As the name suggests, a benchtop belt sander is usually fixed to a bench. The belt can run horizontally, and it can also be tilted at any angle up to 90 degrees on many models. In addition to sanding flat surfaces, they are often very useful for shaping.
Many models also incorporate a disc sander on the side of the machine. This comes with a sanding table that can often be tilted up to 45 degrees and a miter guide. Combining these two features allows for compound angles to be set, thus increasing the range of belt sander uses. These are generally woodworking tools, though changing the abrasive allows some to sand metals.
Stationary benchtop belt sanders often require some assembly, and it’s often easiest to assemble where the tool will be stationed.
STEP 1: Assemble and set the belt sander in place.
Benchtop belt sanders may need some minor assembly. In addition to fitting the belt, the table and miter guide often need to be bolted in place.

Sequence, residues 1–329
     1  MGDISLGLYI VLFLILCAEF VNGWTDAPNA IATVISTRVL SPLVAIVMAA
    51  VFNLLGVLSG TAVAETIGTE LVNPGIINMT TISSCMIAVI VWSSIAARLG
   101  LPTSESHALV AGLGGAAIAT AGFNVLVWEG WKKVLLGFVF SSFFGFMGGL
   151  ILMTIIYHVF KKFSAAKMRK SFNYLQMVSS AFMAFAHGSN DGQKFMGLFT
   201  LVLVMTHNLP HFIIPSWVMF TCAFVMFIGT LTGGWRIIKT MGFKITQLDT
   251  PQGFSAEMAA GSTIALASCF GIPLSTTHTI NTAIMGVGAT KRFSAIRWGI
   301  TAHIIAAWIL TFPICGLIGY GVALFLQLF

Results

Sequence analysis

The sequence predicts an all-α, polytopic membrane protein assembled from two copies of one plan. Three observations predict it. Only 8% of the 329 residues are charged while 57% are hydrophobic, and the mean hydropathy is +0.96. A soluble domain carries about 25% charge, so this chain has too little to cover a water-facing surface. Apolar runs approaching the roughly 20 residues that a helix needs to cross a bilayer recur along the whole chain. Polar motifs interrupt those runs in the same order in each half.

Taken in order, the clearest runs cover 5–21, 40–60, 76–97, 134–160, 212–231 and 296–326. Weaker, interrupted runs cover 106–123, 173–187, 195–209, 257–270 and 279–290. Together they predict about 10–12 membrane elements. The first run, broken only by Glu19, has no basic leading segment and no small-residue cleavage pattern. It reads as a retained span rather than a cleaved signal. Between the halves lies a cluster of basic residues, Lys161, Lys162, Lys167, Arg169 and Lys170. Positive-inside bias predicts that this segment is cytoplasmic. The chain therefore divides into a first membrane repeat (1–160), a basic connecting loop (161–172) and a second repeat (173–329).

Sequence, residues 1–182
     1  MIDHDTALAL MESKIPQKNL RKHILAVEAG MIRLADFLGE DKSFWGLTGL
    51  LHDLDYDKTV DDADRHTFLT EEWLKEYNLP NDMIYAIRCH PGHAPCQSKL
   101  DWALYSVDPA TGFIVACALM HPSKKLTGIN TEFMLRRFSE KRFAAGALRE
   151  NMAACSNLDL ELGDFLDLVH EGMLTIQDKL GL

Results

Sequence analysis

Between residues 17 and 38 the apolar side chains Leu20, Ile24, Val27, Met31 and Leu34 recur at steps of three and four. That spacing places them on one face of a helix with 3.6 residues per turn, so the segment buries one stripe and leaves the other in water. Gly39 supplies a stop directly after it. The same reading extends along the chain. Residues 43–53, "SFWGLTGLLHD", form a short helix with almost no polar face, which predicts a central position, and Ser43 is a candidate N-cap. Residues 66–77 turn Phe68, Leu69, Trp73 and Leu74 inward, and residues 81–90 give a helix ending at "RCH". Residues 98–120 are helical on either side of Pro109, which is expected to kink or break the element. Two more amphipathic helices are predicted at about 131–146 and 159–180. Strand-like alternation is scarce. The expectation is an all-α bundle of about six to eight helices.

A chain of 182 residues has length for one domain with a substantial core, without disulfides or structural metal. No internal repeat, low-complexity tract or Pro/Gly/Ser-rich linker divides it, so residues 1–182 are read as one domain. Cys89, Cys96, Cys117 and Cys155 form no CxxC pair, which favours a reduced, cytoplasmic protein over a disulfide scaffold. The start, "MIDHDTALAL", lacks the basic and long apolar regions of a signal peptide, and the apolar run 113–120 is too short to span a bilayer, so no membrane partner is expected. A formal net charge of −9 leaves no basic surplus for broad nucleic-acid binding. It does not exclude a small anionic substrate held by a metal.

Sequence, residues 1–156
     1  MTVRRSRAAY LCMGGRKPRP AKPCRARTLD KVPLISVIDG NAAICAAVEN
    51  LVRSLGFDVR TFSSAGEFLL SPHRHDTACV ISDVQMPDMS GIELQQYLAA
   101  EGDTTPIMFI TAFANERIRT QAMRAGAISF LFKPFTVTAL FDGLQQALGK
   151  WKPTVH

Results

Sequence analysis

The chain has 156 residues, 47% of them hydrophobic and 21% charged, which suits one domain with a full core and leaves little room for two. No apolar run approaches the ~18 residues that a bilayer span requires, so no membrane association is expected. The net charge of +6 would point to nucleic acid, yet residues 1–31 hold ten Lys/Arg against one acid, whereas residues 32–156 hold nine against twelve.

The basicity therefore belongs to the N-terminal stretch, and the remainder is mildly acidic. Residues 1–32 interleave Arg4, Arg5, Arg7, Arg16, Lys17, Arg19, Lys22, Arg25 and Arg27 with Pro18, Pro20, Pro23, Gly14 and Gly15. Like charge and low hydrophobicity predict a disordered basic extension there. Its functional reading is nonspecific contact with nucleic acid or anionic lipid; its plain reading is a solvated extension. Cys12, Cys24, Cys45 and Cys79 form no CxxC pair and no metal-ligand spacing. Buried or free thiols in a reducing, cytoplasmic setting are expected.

STEP 2: Use the correct workpiece presentation.
Always work against the direction of belt travel. This provides maximum control, and prevents the belt snatching the workpiece out of the hands. When using the sanding disk, rest the piece on the table, on the downward (clockwise) side of rotation. This prevents the danger of it being thrown into the air.
Don’t try to remove too much material in one pass. Using multiple passes avoids overheating and burning the work.
STEP 3: Check progress frequently.
As with any sanding task, check the work frequently. It’s always possible to sand off a little more. It isn’t possible to glue the sawdust back if too much is removed.